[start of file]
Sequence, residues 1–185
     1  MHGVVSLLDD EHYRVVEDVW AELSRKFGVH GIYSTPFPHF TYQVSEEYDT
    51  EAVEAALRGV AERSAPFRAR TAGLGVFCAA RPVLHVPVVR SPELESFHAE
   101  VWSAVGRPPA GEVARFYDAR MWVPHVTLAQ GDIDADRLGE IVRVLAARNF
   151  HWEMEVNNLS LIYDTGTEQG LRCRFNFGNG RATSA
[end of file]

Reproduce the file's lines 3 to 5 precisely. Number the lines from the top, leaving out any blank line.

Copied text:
    51  EAVEAALRGV AERSAPFRAR TAGLGVFCAA RPVLHVPVVR SPELESFHAE
   101  VWSAVGRPPA GEVARFYDAR MWVPHVTLAQ GDIDADRLGE IVRVLAARNF
   151  HWEMEVNNLS LIYDTGTEQG LRCRFNFGNG RATSA